This continued for two full days. By the third day, my body was still trying to reject the dragon, but there was nothing left inside. My skin was dry with dehydration. I could barely speak. I couldn't sit up.
My family took me to the hospital, where I was treated with medication and 3 bags of saline through an IV. The damage of the dragon and my body's inability to receive food and water had left me completely depleted. Within a few days, I wasn't 'sick' anymore but in, what is still proving to be, a relatively long recovery.
Eventually, I started to have enough energy to observe myself and I marvelled at the fascinating, frustrating weakness of my usually healthy body.
Everything made me tired.
I felt like an air mattress that had been completed deflated - flat, unable to support myself, useless.
As I lifted a glass or stood up, I could feel the energy slipping from my limbs like sand through a sieve.
Walking to the bathroom put me out of breath.
I needed pillows to prop me up because sitting was exhausting.
Every task was so tiring that I didn't have enough energy left over to read, watch tv, or even listen to music.
I could do nothing but lie and heal.
After my hospital visit, I decided to set a goal or two each day to aid in my recovery. One day my goal was "eat a cracker." Another it was "sit outside." Small, specific, tangible goals to get me stronger. I could do this because I knew I would get better. Once the illness itself had passed, I knew it was only a matter of time and gentle care before I would be back to health.
"But what would it be like," I imagined, "if I didn't know I'd get better?"
As I lay there, I thought about the countless folks in hospitals every day who suffer from a similar experience of physical weakness, but with no guarantee of a return to full health.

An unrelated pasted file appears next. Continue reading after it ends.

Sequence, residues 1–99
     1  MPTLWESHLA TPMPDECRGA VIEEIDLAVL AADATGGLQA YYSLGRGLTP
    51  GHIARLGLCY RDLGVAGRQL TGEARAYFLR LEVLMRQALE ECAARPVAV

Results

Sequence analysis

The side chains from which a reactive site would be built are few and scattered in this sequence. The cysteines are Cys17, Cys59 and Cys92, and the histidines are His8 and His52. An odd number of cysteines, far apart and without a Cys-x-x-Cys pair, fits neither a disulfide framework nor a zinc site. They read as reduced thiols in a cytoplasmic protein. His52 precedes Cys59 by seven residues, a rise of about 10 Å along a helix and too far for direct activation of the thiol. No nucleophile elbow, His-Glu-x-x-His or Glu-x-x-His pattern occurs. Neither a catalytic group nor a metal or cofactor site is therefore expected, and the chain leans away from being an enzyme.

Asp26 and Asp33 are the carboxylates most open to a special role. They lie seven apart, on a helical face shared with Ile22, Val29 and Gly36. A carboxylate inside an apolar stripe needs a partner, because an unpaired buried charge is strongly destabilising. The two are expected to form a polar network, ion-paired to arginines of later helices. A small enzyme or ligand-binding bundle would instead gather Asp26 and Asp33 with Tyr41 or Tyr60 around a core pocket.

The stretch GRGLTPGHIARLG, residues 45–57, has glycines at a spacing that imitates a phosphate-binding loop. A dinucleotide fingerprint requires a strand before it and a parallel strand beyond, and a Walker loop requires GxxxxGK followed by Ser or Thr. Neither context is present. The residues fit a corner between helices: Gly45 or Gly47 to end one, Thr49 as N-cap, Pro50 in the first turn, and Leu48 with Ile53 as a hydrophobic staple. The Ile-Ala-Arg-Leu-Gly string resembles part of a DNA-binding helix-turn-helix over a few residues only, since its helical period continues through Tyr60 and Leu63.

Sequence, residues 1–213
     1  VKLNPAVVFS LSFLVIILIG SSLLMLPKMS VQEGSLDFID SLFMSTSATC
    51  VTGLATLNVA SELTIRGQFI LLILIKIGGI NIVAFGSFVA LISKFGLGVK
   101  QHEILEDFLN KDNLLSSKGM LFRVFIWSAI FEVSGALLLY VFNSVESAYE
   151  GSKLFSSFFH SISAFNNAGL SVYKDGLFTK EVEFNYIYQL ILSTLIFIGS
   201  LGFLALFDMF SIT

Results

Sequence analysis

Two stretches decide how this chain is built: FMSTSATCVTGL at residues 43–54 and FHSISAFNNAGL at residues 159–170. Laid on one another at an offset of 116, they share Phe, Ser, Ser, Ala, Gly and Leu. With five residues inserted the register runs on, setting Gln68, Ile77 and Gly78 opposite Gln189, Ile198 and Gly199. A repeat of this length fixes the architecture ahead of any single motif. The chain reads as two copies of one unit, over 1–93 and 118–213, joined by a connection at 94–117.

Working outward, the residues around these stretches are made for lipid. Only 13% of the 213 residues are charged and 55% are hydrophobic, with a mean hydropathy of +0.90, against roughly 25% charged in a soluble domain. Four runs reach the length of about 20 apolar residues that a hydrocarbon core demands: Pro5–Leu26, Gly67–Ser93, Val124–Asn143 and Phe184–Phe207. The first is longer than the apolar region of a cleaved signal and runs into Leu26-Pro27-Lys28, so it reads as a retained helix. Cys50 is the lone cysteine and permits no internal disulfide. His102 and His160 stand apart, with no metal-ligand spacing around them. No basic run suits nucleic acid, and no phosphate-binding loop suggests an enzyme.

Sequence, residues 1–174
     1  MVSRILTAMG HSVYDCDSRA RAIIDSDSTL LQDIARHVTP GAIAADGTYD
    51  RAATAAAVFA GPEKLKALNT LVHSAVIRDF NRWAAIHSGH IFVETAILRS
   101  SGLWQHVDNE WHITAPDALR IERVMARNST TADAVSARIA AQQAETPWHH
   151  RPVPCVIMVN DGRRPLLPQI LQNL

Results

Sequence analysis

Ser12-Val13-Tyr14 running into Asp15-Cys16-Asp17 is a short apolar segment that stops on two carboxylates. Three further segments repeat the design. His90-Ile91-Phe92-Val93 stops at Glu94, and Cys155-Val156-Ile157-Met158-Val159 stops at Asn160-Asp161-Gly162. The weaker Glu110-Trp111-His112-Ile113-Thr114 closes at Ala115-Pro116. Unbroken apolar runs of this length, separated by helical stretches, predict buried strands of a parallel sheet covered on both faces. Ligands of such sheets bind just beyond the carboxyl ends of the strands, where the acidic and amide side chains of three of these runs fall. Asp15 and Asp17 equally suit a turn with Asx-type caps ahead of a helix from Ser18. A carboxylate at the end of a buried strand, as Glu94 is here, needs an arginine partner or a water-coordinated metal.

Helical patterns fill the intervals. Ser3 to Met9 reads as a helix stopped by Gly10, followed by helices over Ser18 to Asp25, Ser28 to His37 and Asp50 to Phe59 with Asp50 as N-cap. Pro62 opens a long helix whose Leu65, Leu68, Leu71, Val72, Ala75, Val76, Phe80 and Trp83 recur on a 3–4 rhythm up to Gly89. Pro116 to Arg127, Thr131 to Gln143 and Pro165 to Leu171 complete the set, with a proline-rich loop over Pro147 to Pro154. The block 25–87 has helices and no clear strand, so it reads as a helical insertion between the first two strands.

I thought about people struggling with daily hunger, and how it leaves them too weak to spend mental energy on dreams and plans and new ideas.
I thought about my dear friend who just lost her final battle with ALS, and the years she spent under the weight of a body that slowly lost each function, with no hope of gaining them back.
My heart went out to these souls. I prayed for them. I prayed for their caregivers and families.
And I was reminded of the power of Hope.
As I started to get better, I watched a moving TED talk by retired Sergeant Kevin Briggs who would patrol the Golden Gate Bridge for potential suicide victims. He spoke about the absence of Hope in so many of these broken hearts.
I was blessed to be surrounded by love and to have Hope of a healthy outcome. But what about those who are not so blessed? What about those who can't see a happy ending?
Maybe, sometimes, we need to be the ones to offer Hope to others.
How do we do that?
I know for us, the answer is tied into God and music and community and love.
I don't know the answer for you. I think it's different for each of us.
But I pray that on this long weekend, as you enjoy some downtime yourself, you'll take a moment to consider the question. Imagine what could happen if you did ...